Over the past 25 years, Kerstin Mey has built a track record of successfully initiating and implementing pioneering academic and research initiatives and cultural projects in higher education. As an experienced leader and senior manager, she led major infrastructure and culture change programmes and set up a range of strategic external partnerships. Mey currently serves as Interim President of University of Limerick, Ireland. She held academic positions in universities in Germany and the UK before she joined University of Limerick as Vice President Academic Affairs and Student Engagement and professor of visual culture in 2018. Previously, Mey worked as Pro-Vice Chancellor and Dean of Media, Arts and Design at the University of Westminster, UK. She was appointed to the Austrian Science Board 2012–18, providing advice on third level education.

Pól Ó Dochartaigh, Deputy President and Registrar, National University of Ireland Galway

Pól Ó Dochartaigh is Deputy President and Registrar of NUI Galway and current Chair of the CAO Board. He was previously professor of German and Dean of the Faculty of Arts at Ulster University. He holds a BA in German from Cardiff University, a BA in Irish Language and Literature and a Postgraduate Certificate in University Learning and Teaching from Ulster University, and a PhD and DLitt in German from Nottingham University. Ó Dochartaigh has worked on the legacy of the Holocaust, the German involvement in Celtic Studies and, more recently, on Jews in Irish literature and history. A native of Belfast, he is a member of the Royal Irish Academy, a fellow of the Royal Historical Society, a fellow of the Higher Education Academy, a former President of the Association for German Studies in Great Britain and Ireland and a former Chair of the Royal Irish Academy’s Committee for Modern Languages.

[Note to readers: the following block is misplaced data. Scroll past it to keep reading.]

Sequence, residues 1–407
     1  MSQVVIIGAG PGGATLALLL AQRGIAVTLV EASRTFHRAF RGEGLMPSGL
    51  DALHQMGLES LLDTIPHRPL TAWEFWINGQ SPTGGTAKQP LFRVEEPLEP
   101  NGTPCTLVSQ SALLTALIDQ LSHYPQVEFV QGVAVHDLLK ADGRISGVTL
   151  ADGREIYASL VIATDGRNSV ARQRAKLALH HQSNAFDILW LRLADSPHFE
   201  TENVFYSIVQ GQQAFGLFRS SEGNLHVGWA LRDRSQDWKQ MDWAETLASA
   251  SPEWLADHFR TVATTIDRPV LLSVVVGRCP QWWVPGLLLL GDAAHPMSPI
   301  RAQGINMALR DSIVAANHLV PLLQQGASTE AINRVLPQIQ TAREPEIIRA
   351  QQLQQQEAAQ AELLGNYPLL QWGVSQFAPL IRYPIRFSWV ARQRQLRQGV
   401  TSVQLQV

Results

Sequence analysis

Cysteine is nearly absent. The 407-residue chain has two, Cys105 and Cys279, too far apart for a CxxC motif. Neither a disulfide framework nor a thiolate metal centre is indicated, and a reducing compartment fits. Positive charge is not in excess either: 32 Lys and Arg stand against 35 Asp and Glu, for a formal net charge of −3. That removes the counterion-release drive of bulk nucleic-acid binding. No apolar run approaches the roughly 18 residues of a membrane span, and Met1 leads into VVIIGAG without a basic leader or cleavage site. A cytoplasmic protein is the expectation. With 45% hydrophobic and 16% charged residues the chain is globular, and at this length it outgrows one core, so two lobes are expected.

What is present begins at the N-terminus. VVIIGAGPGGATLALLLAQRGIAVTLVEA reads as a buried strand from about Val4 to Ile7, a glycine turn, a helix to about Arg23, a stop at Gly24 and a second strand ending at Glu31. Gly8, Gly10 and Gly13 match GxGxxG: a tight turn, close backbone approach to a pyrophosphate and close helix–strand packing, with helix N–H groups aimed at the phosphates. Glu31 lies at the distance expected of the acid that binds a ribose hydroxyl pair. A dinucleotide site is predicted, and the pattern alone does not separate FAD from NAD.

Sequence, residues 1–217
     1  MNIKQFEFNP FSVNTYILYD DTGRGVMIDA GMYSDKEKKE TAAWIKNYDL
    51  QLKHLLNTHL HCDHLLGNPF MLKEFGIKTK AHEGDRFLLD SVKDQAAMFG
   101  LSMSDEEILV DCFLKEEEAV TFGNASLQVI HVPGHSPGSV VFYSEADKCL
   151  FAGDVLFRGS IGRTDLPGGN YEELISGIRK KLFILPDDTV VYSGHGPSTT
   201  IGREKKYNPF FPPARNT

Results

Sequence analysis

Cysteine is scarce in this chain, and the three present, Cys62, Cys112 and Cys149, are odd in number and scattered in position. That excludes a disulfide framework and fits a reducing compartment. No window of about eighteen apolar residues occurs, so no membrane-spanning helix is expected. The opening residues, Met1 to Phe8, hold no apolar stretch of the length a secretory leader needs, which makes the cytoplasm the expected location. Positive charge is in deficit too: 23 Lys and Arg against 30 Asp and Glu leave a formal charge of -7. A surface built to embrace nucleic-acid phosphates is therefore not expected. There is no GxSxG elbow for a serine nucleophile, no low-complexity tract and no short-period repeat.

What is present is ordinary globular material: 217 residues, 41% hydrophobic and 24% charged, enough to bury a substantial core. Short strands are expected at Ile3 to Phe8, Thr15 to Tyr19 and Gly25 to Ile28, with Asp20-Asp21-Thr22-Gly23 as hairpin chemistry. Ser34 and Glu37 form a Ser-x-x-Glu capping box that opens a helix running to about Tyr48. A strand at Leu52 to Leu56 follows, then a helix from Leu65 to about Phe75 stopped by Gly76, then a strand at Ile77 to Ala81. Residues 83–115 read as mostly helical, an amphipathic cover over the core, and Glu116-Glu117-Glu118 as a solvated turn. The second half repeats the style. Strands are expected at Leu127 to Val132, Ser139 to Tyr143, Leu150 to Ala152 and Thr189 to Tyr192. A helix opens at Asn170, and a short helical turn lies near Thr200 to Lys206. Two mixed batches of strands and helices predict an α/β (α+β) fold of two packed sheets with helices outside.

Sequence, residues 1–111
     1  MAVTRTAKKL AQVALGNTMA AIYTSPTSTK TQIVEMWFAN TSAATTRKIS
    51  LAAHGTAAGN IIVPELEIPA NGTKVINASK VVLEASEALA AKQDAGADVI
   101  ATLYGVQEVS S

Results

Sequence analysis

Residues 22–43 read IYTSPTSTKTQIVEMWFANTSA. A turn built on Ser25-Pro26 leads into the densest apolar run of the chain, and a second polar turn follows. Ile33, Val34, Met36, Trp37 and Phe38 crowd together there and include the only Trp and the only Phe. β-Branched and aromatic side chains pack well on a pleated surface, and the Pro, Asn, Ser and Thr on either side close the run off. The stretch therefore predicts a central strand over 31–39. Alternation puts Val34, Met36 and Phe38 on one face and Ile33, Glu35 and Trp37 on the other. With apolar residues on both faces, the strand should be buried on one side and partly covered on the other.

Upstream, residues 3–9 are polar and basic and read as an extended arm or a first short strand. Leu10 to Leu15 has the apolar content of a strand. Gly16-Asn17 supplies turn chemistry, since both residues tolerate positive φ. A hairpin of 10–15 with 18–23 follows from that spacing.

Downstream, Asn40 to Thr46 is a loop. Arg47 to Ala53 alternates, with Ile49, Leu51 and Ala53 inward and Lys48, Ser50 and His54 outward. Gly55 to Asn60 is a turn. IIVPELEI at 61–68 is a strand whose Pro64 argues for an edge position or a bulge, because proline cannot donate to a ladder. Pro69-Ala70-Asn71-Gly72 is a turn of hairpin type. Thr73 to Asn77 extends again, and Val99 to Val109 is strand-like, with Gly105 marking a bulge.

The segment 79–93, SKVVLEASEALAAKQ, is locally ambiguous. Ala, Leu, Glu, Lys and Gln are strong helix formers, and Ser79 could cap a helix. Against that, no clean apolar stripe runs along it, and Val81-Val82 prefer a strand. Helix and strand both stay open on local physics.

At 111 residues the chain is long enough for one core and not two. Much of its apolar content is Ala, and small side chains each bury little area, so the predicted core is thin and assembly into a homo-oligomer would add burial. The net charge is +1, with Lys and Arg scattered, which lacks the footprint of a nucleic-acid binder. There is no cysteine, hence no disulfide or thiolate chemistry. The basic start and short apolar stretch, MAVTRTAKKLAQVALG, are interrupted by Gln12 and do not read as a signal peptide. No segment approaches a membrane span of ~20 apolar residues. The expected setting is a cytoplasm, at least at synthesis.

Jude Sheeran, Principal, International Education and Research Technology, Amazon Web Services

Prior to joining AWS Jude was CEO at Eduserv, an AWS EdTech partner that provided services to higher education and research in the UK and sixty other countries. Earlier in his career, Jude was a tutor and an administrator in higher education, most recently at New York University in Abu Dhabi, UAE.